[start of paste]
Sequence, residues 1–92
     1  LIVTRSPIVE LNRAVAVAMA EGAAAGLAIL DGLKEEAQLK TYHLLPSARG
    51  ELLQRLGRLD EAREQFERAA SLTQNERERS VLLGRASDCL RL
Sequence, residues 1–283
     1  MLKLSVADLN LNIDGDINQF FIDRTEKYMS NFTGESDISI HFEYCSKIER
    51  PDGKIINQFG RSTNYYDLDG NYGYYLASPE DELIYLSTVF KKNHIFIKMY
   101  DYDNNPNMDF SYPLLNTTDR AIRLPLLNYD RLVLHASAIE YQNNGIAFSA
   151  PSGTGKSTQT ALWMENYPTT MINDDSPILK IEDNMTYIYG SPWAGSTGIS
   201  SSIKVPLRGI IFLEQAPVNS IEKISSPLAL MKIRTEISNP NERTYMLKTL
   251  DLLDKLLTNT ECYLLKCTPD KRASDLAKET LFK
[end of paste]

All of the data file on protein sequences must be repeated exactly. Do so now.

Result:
Sequence, residues 1–92
     1  LIVTRSPIVE LNRAVAVAMA EGAAAGLAIL DGLKEEAQLK TYHLLPSARG
    51  ELLQRLGRLD EAREQFERAA SLTQNERERS VLLGRASDCL RL
Sequence, residues 1–283
     1  MLKLSVADLN LNIDGDINQF FIDRTEKYMS NFTGESDISI HFEYCSKIER
    51  PDGKIINQFG RSTNYYDLDG NYGYYLASPE DELIYLSTVF KKNHIFIKMY
   101  DYDNNPNMDF SYPLLNTTDR AIRLPLLNYD RLVLHASAIE YQNNGIAFSA
   151  PSGTGKSTQT ALWMENYPTT MINDDSPILK IEDNMTYIYG SPWAGSTGIS
   201  SSIKVPLRGI IFLEQAPVNS IEKISSPLAL MKIRTEISNP NERTYMLKTL
   251  DLLDKLLTNT ECYLLKCTPD KRASDLAKET LFK